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The nerdiest New Year’s week - exported from Medium

10 kilos of pasta, 500€ worth of booze, 1.000 square meters, a fireplace and a 3.4kg cheese-wheel of Brie. Oh, and programmers-developers-nerds all over the place. That is the frame of the first few days of the year 2014 I spent in a very remote place, somewhere in France.

Faster Than Light and sequoias burning

As soon as we took my car to head South, laptops popped-up on the backseat, emitting a sweet and familiar 8-bits music from the indie game Faster Than Light, a space-opera in which you pilot your ship through beacons and sectors to defeat your enemies. Extremely addictive.

  • dude, you should power up your shields.\
  • nah, gonna TP in his med-bay, need the power.\
  • duh, but without a mantis before sector 7 you’re dead anyway.

Electro was the music of choice for the trip, as we quickly vetoed Paul’s speedcore-something-with-BPM-in-the-title. For the whole week, the house resonated with this music and Faster Than Light’s, as well as Pink Floyd’s everlasting instrumental pieces.

Well, except for the two nights were our team of five was joined by two dozens of people who came to celebrate New Year’s Eve by listening to party-music and drinking champagne.

One of the things I enjoy the most while being with these guys, it is that I feel we all have certain needs and desires that many could consider… well, strange, or borderline socially-awkward. Thus we all agreed that four people around a chimney with an old scotch is a better night than a huge bunch of drunks celebrating with loud music. Countless logs and bottles later, that was a good decision.

But the best part is that no one from our anti-party team felt neither guilty nor sad to be in a small group just sitting around and chatting.

GoPro time-lapses and genetic algorithms coding

With hackers wandering around the house, everything is a pretext to experiment weird ideas. For example, time-lapses videos are a thing. Baking your own pizzas too. But making a time-lapse of the cooking of a pizza? We had to try. Though in the end, we were not convinced the story was flying.

During the first days, as many people were in the house, we all had different rhythms. Some went hangover-jogging in the morning, others tried to win every FTL achievement possible. Some ate their plate of pasta at 11am, others at 4pm. Croissants and butter, coffee, or Leffe for breakfast. Reading a book in a sleeping bag outside or playing chess. A matter of choice and taste. Still, the common denominator was the “apéro”, i.e. the time of the day were cheese is taken out the fridge and where the number of beers popped open per minute is the highest.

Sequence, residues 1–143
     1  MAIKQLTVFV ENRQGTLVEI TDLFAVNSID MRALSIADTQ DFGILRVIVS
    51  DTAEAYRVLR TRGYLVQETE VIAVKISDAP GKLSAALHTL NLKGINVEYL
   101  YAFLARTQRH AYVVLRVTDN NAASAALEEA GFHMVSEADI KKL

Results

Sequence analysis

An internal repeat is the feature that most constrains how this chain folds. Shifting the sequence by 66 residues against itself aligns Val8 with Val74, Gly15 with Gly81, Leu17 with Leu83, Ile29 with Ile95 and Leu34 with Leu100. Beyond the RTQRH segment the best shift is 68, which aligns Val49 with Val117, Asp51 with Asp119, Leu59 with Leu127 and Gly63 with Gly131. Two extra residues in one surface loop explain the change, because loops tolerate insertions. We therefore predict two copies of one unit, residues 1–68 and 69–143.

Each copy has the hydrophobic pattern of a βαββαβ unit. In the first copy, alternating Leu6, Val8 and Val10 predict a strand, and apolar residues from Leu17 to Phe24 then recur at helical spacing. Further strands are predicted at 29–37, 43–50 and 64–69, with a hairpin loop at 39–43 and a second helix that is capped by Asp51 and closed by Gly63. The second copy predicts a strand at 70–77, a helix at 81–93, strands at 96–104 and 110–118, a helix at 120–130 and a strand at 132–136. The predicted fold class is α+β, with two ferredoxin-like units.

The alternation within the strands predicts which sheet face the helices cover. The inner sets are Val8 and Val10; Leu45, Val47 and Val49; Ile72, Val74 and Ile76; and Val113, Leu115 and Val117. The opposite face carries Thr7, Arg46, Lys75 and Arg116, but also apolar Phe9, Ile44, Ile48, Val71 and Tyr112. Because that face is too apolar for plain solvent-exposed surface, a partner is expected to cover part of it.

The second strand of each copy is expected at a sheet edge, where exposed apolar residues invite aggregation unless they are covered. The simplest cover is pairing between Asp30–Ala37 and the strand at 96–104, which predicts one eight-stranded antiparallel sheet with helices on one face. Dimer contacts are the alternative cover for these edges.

for(;;) {wake up — code — drink — go to bed}

Then people left. It was January 1st, 2014. One by one, they said thank you and departed. Luckily, the last five men standing had supplies, though nutritionally limited.

But we made it. Thanks to the internets and to our laptops.

Despite the fact that we were sitting in the same room, we had to set up an IRC channel to chat together. That may sound autistic, but it was actually useful to share a couple of links. Yeah, but that was tooautistic. Even us knew it, so it didn’t last.

We sat around the fireplace literally for days. Breaks were taken to cook a batch of pasta, take an occasional shower, and smoke cigarettes (I smoked approximately 160 of them in 4 days. Much cancer). Paul and Nicolas learnt Rust, Raphael discovered FTL, Clement coped with machine learning, and I struggled with JS libraries and JSON files. We barely left the house, except for a trip to the nearest town to get fresh bread, packs of cigarettes and a nice selection of beers.

When a ray of sunlight pierced through the window and expanded on the floor, slowly moving and growing bigger as minutes passed, we realised after some time that we all slowly moved our chairs away from it, to stay in the shadow. To avoid reflections on the screens, yes of course. No, we are not trolls turning into stone when in contact with day light.

“What on Earth were you doing there?”people asked me, curious, suspicious, and a bit judgmental at the same time.

They just don’t get that it’s simply about passion. A passion wrongfully perceived by the mainstream. Smart is the new sexy, still smart can be the contrary of fancy.

Much fabulous.